Mathematical Foundations for Mosler's Full Employment-Zero Inflation Model

Pavlina R. Tcherneva
Gettysburg College


Conceptual Framework


This paper will begin to develop a mathematical model that shows the basic relationship between prices paid by the government and the quantity received by the government from the private sector*, assuming the following cause and effect, as outlined in Mosler's analysis "Soft Currency Economics":


  1. The government needs real goods and services (g&s).
  2. The government imposes taxes, in dollars, in order to create sellers who offer real g&s in return for the needed dollars.
  3. The government purchases the desired g&s.
  4. The government is the monopoly issuer of its currency. Therefore, it has the ultimate power to determine the price it pays for g&s; i.e. prices are an exogenous variable.



The terms and conditions are defined as follows:

Population--10 people.

T--tax liability of the economy.

PL--wage paid by the government for one fire fighter.

QL--quantity of labor that works for the government as fire fighters.

O<QL<M, where QLM is the maximum capacity of the economy (10 people).

G--government spending.

Gd--government deficit.

I--aggregate investment.

S--aggregate savings.

Sn--net nominal savings in the economy.


  1. T is fixed (a fixed property tax is a good example).
  2. There is only one tax period.

*The private sector includes all participants holding dollars, domestically or abroad; i.e. everyone except the monopoly issuer of the currency.


The model will start with the accounting identity:

G + I = T + S

The equation above can be restated:

G = T + (S - I), where

(S - I) = Sn = Gd.


Case 1

Supplementary Assumptions:

1. The economy produces one service only, fighting fires.

2. The only expenditure of the government is paying wages to the fire fighters.

3. Sn = 0 (assume that in our model there is no provision for a government deficit).

4. T= $10 --total tax bill for the entire community.

5. Labor is not divisible (only 1, 2, 3 fire fighters can be hired).

6. Labor hours are not divisible. Every worker is hired full-time for the entire tax period.

7. The lowest unit of account is $1.00.

8. PL-the price of labor is set by the government.


The following is a general formula for the level of government spending for a given tax period:


(Qi x Pi) = T


The expression indicates that, in order to calculate the amount of dollars necessary to pay taxes, we need to sum the revenue of the sale of quantity Q real goods and services offered by the private sector, where each good Qi is sold for some corresponding price Pi. Since in this model the private sector offers only one service--working as fire fighters--and government's only expense is paying wages, the expression is simplified to the following:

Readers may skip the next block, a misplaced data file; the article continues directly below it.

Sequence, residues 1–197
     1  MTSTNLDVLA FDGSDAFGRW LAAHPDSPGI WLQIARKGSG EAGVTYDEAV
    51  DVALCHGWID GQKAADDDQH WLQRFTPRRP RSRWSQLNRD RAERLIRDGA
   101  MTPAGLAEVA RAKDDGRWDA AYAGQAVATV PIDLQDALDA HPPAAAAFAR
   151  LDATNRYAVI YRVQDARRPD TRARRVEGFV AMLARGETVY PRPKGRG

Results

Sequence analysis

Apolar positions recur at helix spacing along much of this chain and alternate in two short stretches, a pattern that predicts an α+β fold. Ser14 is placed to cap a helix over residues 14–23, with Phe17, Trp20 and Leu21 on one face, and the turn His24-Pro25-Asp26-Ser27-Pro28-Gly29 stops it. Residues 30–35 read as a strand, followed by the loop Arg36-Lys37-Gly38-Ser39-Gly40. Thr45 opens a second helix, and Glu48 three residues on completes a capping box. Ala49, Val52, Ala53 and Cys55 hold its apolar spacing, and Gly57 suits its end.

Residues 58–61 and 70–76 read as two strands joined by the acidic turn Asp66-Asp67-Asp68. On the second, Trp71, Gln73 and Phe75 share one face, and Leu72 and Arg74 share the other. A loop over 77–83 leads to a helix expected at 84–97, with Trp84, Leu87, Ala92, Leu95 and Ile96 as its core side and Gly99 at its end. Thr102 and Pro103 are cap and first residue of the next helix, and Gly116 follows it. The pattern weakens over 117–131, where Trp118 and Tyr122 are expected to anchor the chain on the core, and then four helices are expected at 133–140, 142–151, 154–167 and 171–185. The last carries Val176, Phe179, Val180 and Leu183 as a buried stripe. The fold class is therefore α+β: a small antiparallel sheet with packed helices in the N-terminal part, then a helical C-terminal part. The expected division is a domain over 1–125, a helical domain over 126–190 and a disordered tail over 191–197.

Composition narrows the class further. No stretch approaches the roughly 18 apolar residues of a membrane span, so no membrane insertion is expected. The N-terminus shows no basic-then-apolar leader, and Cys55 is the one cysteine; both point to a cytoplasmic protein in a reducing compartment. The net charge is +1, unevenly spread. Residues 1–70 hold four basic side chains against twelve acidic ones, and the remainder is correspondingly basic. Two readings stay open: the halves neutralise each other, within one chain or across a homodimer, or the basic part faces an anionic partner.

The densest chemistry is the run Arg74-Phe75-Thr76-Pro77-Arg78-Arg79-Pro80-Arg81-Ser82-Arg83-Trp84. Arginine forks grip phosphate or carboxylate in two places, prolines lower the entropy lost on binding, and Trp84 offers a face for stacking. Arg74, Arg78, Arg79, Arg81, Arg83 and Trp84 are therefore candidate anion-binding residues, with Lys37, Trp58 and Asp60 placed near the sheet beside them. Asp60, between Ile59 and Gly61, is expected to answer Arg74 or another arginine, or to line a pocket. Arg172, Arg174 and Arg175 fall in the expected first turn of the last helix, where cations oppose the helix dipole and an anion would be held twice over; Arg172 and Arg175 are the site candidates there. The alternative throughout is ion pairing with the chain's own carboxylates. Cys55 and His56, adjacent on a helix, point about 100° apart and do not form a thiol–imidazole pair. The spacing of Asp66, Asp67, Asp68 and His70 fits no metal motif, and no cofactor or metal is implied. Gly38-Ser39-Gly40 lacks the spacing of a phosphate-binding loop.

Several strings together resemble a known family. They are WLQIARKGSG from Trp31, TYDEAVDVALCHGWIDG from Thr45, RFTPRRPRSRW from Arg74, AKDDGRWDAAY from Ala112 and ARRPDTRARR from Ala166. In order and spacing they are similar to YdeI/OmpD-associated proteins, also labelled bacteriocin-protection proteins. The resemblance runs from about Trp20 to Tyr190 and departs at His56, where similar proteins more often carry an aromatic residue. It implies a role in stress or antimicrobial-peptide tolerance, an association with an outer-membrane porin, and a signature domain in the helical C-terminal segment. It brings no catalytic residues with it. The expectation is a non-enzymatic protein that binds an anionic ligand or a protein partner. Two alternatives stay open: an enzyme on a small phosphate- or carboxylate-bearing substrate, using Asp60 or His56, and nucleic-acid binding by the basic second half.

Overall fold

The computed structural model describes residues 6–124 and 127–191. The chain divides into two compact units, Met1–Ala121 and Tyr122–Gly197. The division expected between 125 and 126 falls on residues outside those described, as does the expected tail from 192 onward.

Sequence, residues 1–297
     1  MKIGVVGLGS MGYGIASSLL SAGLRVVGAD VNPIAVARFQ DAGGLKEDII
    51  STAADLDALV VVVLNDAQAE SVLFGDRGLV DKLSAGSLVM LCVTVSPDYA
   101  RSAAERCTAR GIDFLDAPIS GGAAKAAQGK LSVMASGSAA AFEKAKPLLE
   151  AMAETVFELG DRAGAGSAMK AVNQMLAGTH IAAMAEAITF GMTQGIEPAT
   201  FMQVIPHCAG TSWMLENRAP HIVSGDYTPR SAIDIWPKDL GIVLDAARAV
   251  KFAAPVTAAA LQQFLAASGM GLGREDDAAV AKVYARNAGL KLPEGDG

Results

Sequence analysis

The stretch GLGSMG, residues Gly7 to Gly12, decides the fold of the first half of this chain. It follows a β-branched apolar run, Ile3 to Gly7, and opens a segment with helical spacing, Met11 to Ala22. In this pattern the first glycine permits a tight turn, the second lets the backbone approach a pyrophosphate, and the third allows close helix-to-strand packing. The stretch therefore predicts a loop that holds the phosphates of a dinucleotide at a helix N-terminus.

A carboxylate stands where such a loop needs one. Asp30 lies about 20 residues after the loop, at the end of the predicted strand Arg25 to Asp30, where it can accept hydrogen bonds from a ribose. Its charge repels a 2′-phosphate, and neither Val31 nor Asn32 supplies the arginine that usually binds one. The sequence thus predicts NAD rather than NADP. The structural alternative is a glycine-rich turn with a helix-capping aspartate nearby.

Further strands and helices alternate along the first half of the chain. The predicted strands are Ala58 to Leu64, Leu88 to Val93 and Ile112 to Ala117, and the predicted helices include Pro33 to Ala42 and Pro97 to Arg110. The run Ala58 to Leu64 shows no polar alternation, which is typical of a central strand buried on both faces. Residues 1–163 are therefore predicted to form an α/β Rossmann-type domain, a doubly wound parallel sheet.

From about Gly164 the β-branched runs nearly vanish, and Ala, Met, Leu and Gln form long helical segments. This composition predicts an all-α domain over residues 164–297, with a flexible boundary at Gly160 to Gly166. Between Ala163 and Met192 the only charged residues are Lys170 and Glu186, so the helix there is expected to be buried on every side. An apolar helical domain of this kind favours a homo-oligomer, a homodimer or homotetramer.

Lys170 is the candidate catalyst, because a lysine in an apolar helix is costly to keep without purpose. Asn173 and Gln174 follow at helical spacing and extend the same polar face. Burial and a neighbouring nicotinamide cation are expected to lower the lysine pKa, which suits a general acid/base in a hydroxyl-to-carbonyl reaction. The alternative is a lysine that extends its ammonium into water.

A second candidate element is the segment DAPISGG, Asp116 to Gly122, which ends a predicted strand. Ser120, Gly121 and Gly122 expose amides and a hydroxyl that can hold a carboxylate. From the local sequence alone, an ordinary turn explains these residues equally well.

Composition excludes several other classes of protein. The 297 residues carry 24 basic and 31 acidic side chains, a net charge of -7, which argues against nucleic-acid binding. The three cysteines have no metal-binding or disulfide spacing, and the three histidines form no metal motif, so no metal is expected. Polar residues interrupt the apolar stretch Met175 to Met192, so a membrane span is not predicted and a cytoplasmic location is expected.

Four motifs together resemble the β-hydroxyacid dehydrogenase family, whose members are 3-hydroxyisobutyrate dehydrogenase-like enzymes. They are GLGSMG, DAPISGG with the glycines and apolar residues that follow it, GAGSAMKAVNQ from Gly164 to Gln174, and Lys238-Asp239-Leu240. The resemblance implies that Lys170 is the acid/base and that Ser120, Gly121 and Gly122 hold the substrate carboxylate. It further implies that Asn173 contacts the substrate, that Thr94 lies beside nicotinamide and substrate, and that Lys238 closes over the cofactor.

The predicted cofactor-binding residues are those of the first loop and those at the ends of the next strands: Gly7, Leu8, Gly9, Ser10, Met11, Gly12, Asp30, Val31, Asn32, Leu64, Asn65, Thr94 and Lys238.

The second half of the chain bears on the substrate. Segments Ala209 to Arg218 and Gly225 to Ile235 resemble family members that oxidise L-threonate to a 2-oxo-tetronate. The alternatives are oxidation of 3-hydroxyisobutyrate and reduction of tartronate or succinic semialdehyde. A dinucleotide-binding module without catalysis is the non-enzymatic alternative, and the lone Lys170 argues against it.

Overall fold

PL X QL = T.

From this equation we can extrapolate that, in order to obtain T dollars for taxes, the private sector must sell QL = T/PL services to the government. In Figure 1, points A, B, C, and D indicate the quantity of labor (QL) that is transferred from the private sector to the government at a corresponding wage level (PL); i.e. how many people sell their labor as fire fighters at different wages, given the aggregate taxobligation (T) of $10.


Figure 1.

Since labor and wages are not divisible, the graph in Figure 1. consists of specific points as opposed to a continuous curve. For example, the government cannot hire 1.5 fire fighters and, under the initial assumption, it cannot offer 2.5 dollars as a price for labor.

Point A indicates that if the government offers $10 per fire fighter, only one will be hired. Points B, C, and D show that a wage of $5, $2, and $1 will result in 2, 5, and 10 fire fighters, respectively. No other points exist, since Sn = 0.

The example illustrated in Case 1 establishes the following inverse relationship: an increase in prices paid by the government corresponds a decrease in the quantity of goods and services it receives. Conversely, higher prices result in fewer goods and services purchased.


Case 2

Supplementary Assumptions:

  1. Sn = 0.

  2. T = $1 0.

This case removes supplementary assumptions 4 and 5 form Case 1, allowinglabor-hours and wages to be divisible; i.e. labor can work less than full time for a given tax period and the smallest unit of account is no longer $1.00. The inverse relationship between the price the government pays for labor and the amount it receives from the private sector continues, and is now represented by a function, instead of discrete points:

PL = T/QL PL(min) = $1 (minimum wage)


Figure 2 demonstrates the following:

  1. With Sn = 0, there is only one unique curve.
  2. As QLM = 10 defines the limit of the capacity of the economy, it also defines the minimum wage PL(min) the government can offer. In Case 2 this wage is denoted by point A.
  3. The curve is asymptotic to the y-axis. It never crosses it because the existence of any tax means that some labor will always be attracted.


Case 2a

Supplementary Assumptions:

  1. T Sn = 0
  2. T=$10.
  3. T.he government chooses to set the price of labor (PL is exogenously determined).